but has learned to suffer, for all it’s worth,
in the hospital ditches of the earth.


Rick Doyle lives in Bucksport, Maine, and practices law in Hancock County.
A Knight Responds
By Rick Doyle
The weather ninety years and then some gone,
sun some squint their eyes against faded.

Of these two sisters one’s face alone,
for the last half-century, more or less,
recalls to its place on earth the other’s.

These brothers are yours. Their mischief is done,
down to the last of the iron-hooped chestnuts
lifting its blossoming branches high.

Together, still, they grin and turn
so as not to look the camera in the eye:
ten children in a light gone utterly dark.

Something about this one sets her apart.
There she sits, at your sister’s side,
as if, twelve years along, she’s already stunned

by reasoning, insofar as we are able,
on the obligations of this dark passage
bringing her to a kitchen table

and the appendectomy the doctor performs
in a frantic effort to save a life
some weeks after this picture is taken,

and resultant blood poisoning, of which she will die.


Rick Doyle lives in Bucksport, Maine, and practices law in Hancock County.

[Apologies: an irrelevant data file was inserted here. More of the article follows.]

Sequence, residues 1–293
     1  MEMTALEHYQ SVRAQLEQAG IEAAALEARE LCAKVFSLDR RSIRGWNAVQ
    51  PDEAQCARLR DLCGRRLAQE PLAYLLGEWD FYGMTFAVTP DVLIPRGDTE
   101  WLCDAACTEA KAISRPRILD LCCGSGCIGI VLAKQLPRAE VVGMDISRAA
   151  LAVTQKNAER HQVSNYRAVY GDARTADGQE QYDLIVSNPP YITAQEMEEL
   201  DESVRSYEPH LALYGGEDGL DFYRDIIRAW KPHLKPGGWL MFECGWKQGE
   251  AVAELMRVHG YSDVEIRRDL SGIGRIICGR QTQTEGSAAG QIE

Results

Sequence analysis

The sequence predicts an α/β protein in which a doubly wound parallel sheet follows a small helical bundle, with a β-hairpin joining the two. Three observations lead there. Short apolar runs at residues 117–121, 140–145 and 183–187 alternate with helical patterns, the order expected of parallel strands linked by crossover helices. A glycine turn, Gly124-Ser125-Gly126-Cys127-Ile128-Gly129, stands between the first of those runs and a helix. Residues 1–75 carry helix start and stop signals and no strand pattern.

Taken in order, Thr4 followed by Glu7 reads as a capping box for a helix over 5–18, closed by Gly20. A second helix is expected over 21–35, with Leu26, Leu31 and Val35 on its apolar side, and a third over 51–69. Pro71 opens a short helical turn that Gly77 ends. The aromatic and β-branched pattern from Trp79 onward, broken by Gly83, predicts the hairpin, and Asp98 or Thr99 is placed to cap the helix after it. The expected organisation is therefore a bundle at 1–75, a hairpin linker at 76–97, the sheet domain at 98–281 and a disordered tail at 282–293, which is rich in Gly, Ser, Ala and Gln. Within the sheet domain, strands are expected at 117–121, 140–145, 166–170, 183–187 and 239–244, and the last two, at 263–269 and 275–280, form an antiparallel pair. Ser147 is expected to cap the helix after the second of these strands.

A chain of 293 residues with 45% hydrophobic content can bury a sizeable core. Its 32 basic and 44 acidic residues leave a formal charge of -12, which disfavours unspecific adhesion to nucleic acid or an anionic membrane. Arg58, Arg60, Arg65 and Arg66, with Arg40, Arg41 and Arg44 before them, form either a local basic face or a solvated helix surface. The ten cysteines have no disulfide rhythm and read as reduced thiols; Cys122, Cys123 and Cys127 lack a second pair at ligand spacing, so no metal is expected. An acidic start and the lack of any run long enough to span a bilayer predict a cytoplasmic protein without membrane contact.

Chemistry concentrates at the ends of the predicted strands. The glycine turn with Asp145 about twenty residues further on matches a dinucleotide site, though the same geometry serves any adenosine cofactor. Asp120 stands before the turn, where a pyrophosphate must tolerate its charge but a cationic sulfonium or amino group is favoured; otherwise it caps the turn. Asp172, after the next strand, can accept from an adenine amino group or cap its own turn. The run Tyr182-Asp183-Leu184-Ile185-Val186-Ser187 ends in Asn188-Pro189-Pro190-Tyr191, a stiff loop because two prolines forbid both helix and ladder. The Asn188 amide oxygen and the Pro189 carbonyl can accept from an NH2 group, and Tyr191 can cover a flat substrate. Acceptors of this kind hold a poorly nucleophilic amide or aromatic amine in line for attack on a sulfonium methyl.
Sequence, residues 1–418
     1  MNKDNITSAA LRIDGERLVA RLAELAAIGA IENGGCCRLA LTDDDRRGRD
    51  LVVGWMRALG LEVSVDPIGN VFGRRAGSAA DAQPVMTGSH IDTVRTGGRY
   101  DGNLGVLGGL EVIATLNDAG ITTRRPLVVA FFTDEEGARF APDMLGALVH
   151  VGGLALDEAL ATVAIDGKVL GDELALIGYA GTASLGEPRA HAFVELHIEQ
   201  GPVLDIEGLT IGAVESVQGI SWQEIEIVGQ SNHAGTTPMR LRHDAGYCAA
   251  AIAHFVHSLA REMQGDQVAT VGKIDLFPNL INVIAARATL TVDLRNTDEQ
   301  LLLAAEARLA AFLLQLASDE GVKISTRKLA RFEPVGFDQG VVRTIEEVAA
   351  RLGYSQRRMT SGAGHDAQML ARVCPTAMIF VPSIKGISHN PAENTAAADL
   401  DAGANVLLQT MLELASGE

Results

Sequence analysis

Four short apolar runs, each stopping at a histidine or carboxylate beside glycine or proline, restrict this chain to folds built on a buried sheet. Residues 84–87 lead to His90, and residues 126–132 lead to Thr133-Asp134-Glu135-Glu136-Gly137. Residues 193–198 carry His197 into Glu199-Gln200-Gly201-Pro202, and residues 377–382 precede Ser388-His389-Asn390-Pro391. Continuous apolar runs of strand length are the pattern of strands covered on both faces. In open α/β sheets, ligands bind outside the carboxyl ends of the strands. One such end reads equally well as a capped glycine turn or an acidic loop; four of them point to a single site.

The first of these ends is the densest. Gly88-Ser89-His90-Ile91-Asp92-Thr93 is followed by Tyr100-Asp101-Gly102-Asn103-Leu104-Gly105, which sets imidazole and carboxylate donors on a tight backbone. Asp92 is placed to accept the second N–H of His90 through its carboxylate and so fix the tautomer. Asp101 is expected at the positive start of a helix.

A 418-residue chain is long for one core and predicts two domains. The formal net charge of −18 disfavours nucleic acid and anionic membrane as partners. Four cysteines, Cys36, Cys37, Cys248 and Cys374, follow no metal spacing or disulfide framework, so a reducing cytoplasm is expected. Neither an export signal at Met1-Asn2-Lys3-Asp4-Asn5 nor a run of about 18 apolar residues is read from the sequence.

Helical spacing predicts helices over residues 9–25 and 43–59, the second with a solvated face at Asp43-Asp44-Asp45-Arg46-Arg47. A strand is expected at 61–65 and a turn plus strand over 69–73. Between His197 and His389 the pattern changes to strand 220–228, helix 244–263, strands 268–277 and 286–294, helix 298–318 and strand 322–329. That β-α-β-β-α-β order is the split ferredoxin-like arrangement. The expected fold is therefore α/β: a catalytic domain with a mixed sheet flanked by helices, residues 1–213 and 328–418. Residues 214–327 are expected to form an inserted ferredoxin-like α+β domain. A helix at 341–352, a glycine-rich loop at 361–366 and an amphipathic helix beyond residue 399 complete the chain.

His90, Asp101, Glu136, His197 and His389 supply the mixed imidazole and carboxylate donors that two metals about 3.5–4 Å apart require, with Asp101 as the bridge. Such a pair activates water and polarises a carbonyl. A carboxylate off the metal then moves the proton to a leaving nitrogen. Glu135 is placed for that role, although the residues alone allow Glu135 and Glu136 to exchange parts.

Carter Hill Schoolhouse, 1919
By Rick Doyle
Like you, dear Anton Pavlovich, I learned
to fear the secret tyranny of grocers.
They might sing beautifully in church on Sunday
but the rest of the week they are unkind and mean.
Not to mention quick with their fists.
Nor are they particular about whom they hit
so long as the target is smaller and weaker
and preferably caught off-guard.
Brutal father. Drunken brother. Matchless sister.
You were taught by a naturalism
native to your liberated era
to cultivate the habit of diagnosis
even when it came to love of family,
which you found to be a species of blindness,
and perhaps it was this that drove you out,
not, like that most famous Lear of the steppes,
to shatter your head on the gospel weather
and land on the indecent verge of death
unattended in a railway station.
No. You were driven out through taiga
to conduct a census among the damned.
Your efforts may have been fruitless -- in this,
in the schools, and in other projects --
but still there remain the examples
of your love and your stubborn decency,
more compelling now than ever
when even the mildest-mannered among us
can justify torture without stuttering.


Rick Doyle lives in Bucksport, Maine, and practices law in Hancock County.
Letter to Chekhov
By Rick Doyle